Dot-com failures become porn kings

Will failed Australian dot-com entrepreneurs follow the US lead into the lucrative world of porn?

SYDNEY--Failed US dot-com entrepreneurs are cashing in on the demand for porn, and there’s been a 10 percent rise in Australian-based adult sites in the last 12 weeks, according to local software filtering company SurfControl.

”Companies that failed to make a profit from their dot-com ventures are left with a major investment in skills and infrastructure. It’s not surprising that they would turn to a highly tradable commodity such as pornography,” SurfControl Australia’s managing director Charles Heunemann told ZDNet Australia.

And while Heunemann said he didn’t know if the failed Aussie dot-comers would get in on the act, “our own regional content development team based in Sydney have witnessed a 10 percent increase in Australian-based porn sites over the last three months,” he said.

However, the Internet Industry Association (IIA) didn’t seem to think the trend to move into the online porn market would sweep into Australia.

”It’s not likely--our local content laws would mean that any content that is stronger than R-rated could not be hosted here. And even if it was occurring, it would be only happening remotely and in a way that no one could reasonably detect,” IIA executive director Peter Coroneous said.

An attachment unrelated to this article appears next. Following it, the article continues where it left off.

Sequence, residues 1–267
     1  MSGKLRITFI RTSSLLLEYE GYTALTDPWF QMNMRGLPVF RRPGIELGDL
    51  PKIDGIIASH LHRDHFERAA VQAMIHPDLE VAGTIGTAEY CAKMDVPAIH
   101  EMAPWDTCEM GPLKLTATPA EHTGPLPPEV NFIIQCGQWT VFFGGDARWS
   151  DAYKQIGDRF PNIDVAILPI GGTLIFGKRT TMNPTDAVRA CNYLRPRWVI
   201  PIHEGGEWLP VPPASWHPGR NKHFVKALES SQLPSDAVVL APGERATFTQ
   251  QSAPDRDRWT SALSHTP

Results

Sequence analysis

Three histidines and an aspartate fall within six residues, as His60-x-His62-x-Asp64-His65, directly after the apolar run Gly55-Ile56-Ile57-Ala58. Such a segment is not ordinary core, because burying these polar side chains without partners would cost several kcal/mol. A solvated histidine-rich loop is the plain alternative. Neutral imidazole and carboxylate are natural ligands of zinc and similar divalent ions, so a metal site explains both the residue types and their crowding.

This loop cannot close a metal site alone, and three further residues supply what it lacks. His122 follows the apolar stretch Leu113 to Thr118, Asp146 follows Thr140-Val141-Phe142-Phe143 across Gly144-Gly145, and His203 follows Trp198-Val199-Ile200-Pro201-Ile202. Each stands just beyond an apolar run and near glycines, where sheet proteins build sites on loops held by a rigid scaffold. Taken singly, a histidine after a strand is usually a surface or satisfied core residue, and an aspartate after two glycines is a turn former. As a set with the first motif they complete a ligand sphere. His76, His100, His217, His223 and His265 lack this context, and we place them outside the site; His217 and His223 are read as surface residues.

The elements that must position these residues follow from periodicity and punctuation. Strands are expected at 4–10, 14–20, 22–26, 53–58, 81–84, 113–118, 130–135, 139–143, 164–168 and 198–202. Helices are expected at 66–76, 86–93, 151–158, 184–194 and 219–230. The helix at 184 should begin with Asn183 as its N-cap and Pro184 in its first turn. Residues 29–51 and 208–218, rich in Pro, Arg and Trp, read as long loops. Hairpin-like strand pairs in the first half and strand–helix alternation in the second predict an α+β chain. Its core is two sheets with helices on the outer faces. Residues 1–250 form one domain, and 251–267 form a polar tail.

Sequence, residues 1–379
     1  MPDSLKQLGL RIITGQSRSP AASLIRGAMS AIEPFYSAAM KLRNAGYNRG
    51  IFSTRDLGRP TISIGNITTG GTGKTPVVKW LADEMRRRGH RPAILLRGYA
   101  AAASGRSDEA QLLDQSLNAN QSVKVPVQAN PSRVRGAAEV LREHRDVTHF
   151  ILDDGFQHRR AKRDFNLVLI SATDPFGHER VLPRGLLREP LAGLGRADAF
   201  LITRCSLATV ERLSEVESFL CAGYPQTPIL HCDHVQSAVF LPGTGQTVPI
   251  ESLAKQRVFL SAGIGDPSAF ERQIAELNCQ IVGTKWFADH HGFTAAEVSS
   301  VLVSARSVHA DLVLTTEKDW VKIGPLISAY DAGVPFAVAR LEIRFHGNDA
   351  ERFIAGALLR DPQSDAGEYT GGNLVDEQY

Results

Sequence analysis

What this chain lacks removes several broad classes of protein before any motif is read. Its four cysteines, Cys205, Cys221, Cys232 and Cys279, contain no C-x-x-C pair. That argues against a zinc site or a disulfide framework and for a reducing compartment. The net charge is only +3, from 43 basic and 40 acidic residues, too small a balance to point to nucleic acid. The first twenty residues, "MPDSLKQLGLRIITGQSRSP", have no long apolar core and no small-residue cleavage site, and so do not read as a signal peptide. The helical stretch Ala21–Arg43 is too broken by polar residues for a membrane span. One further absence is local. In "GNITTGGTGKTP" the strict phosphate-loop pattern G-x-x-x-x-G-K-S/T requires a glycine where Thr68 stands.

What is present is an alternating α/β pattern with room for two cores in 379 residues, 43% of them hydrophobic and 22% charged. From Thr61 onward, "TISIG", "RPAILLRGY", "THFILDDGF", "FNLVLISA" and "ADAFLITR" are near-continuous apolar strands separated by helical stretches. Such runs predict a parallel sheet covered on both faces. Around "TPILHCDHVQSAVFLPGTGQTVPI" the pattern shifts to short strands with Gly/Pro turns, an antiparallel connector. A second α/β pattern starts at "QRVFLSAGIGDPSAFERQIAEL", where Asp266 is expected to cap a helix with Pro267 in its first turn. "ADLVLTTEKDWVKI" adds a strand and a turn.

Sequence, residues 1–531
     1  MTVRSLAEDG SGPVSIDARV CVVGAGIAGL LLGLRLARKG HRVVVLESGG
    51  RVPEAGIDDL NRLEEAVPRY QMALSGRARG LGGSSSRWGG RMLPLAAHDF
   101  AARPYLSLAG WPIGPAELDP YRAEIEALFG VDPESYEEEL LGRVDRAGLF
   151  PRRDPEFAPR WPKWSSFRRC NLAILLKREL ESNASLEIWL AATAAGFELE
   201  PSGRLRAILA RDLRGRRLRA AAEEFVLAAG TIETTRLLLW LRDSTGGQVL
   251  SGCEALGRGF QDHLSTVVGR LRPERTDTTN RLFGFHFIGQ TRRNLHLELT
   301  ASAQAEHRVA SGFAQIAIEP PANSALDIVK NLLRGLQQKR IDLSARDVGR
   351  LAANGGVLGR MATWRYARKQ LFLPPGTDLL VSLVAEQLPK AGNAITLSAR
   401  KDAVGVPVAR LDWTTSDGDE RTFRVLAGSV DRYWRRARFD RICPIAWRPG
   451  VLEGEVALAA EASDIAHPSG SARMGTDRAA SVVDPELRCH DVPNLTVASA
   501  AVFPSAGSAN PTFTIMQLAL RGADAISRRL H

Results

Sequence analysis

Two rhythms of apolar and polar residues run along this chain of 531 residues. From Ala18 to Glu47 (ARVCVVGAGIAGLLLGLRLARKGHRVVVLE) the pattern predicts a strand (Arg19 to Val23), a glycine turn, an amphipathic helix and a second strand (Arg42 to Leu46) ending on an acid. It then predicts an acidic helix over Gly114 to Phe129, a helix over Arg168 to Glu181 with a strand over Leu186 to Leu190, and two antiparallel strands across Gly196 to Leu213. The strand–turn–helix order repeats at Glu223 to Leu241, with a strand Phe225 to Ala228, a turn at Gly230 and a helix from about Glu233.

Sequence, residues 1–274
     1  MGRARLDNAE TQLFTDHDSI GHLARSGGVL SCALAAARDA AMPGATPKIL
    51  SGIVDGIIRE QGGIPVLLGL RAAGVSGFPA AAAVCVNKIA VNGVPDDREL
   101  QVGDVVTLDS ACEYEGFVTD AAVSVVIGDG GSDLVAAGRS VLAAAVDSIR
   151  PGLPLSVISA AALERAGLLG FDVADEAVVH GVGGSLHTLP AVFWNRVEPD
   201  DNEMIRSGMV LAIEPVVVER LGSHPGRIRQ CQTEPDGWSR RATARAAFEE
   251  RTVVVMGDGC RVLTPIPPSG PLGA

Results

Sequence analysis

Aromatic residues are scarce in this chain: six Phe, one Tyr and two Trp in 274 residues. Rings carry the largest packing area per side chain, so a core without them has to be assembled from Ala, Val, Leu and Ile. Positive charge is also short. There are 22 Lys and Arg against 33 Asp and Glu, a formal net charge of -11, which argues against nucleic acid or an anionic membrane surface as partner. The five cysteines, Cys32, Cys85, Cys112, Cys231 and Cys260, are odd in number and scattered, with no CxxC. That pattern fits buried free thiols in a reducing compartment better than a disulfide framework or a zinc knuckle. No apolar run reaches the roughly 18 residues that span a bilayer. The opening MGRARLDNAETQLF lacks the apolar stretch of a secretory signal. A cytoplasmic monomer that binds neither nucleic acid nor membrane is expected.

“I suspect that the online porn industry is so well-established now that the costs for new entrants would be quite high, and in the current capital market environment, funding will be hard to come by--almost irrespective of your business model.”

Research company Jupiter Media Metrix told ZDNet that although there’s an enormous movement of Web sites in and out of the online porn arena, it’s probably the same content recycled under different titles. And although there's a large number of sites, predominantly US-hosted, the major contenders for the porn site crown have held the top titles for some time, according to senior analyst David Stuart-Hunter.

Furthermore, the audience numbers surfing porn sites and the amount of time spent in this online sector have remained unchanged over the last 18 months, he said. Thirty-three percent of online users visit a porn site at some time in any month. On average, these users visit adult sites four times within that four-week period, racking up 64 minutes at one site over the course of a month--approximately 16 minutes per visit.

Whether or not a new porn phenomenon launches itself Down Under, Internet pornography is still causing major problems in the Australian workplace, according to Heunemann.

“Up to 70 percent of porn traffic occurs between the hours of 9 am and 5 pm,” he said.

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